Release Number 6610-13

June 17, 2013

CFTC Charges North Carolina Resident James A. Shepherd and James A. Shepherd, Inc. with Commodity Pool Fraud

Defendants charged with fraudulently soliciting approximately $10 million from approximately 176 investors and misappropriating and commingling at least $4.45 million of the pool’s funds

Washington, DC —The U.S. Commodity Futures Trading Commission (CFTC) today announced the filing of a civil enforcement Complaint against James A. Shepherd (Shepherd) and James A. Shepherd Inc., a registered Commodity Pool Operator, charging them with fraudulently soliciting, accepting, and pooling approximately $10 million from approximately 176 individuals to invest in a commodity pool called the Shepherd Major Play Option Fund LP (Pool) for the purpose of trading options on futures contracts. Shepherd allegedly misappropriated at least $4.45 million of the pool’s funds.

According to the CFTC’s Complaint, Shepherd fraudulently told pool participants and prospective pool participants that their funds would be invested in on-exchange options on commodity futures and that the Pool’s assets would not be commingled with the assets of any other entity. Rather than trade funds as represented, Defendants allegedly misappropriated a large portion of Pool funds and commingled those funds with funds unrelated to the Pool. Beginning in 2006, Shepherd allegedly transferred a large portion of Pool funds to: (i) Shepherd’s own bank account, for his own personal use and to repay other business obligations unrelated to the Pool; (ii) futures and options trading accounts maintained in Shepherd’s own name, which suffered significant trading losses; and (iii) a bank account in the name of a separate hedge fund operated by Shepherd, which he used to pay redemptions to those hedge fund investors.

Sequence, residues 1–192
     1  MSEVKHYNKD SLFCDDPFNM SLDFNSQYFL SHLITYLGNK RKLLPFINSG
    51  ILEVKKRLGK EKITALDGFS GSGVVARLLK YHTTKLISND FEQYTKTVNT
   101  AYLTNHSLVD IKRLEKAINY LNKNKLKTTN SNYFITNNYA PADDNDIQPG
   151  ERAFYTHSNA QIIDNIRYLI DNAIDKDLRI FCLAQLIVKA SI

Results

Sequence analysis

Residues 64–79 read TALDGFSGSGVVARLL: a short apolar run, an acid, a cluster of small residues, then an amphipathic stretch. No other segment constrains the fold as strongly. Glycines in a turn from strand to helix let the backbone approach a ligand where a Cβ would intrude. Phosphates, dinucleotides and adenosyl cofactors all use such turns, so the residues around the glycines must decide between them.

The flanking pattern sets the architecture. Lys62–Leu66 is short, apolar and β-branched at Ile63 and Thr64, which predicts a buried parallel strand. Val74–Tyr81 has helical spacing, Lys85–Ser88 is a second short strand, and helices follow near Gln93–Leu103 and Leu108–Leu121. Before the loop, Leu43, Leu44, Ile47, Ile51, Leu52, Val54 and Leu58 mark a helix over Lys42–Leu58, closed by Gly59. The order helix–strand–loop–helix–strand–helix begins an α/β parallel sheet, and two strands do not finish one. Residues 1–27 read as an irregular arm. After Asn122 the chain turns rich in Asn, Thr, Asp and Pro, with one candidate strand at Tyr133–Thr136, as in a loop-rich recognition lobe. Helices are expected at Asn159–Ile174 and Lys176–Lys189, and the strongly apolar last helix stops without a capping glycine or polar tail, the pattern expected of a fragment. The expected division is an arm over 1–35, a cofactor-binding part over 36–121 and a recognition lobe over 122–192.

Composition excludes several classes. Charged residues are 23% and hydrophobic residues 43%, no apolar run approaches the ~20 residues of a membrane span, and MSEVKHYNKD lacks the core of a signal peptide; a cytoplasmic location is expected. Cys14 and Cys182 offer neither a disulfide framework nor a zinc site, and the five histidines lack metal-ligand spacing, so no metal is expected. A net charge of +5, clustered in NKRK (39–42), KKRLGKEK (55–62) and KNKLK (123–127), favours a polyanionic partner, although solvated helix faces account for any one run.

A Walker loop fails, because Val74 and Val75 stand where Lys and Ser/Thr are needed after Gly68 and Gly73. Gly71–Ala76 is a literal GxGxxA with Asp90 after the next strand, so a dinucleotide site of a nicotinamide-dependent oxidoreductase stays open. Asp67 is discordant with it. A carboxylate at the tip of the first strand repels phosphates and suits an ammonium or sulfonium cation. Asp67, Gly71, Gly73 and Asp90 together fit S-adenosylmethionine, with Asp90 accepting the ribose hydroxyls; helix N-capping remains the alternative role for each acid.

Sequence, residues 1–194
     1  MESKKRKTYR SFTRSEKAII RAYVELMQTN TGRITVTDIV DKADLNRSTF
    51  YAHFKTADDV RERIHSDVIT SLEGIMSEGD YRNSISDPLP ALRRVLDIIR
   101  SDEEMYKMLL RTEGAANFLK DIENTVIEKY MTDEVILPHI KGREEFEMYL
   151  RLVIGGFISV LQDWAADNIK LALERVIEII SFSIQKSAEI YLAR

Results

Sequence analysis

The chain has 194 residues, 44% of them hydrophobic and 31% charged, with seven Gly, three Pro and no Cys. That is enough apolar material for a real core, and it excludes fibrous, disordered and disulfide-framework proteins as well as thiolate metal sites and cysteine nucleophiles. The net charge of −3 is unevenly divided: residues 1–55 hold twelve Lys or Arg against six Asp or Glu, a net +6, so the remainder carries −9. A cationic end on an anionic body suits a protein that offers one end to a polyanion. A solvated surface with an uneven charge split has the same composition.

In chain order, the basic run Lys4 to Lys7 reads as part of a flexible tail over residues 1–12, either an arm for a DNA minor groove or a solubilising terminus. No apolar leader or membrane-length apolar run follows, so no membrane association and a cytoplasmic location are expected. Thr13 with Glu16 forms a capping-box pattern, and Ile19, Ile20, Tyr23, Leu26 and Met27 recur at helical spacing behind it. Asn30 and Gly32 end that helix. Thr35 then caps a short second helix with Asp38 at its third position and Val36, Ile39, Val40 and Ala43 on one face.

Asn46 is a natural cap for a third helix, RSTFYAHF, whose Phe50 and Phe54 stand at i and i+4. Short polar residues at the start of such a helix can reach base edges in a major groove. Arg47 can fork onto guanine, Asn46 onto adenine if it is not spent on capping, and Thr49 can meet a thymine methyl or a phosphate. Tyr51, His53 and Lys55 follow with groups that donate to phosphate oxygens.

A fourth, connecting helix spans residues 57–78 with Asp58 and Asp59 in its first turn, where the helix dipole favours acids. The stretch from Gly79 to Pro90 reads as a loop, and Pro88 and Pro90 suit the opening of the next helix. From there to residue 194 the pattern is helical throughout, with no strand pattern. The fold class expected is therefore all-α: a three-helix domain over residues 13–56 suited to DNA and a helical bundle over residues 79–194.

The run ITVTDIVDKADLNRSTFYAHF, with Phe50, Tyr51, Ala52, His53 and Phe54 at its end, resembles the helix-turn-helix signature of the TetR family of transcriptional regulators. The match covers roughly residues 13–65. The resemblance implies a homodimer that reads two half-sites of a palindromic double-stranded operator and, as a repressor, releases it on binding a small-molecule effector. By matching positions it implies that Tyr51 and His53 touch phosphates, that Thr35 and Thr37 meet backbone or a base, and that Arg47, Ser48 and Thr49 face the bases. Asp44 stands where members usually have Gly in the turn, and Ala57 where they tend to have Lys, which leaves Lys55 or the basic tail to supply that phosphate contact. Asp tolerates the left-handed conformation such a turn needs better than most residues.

The Complaint further alleges that Defendants concealed the fraud by distributing to pool participants periodic statements and annual certified financial statements that falsely represented the net asset value of the Pool. Defendants further concealed the fraud by forging bank statements and bank confirmations and making false statements to the Pool’s outside auditor and the NFA during the course of their respective audits, according to the complaint.

In its continuing litigation, the CFTC seeks restitution, disgorgement of ill-gotten gains, civil monetary penalties, trading and registration bans, and permanent injunctions against further violations of the Commodity Exchange Act as charged.

The CFTC appreciates the assistance of the U.S. Attorney’s Office for the Western District of North Carolina, the Federal Bureau of Investigation and the National Futures Association.

CFTC Division of Enforcement staff members responsible for this case are Elizabeth C. Brennan, Patryk J. Chudy, W. Derek Shakabpa, Michael P. Geiser, Philip Rix, David Acevedo, Lenel Hickson, Jr., Stephen J. Obie, and Vincent A. McGonagle.

Last Updated: June 17, 2013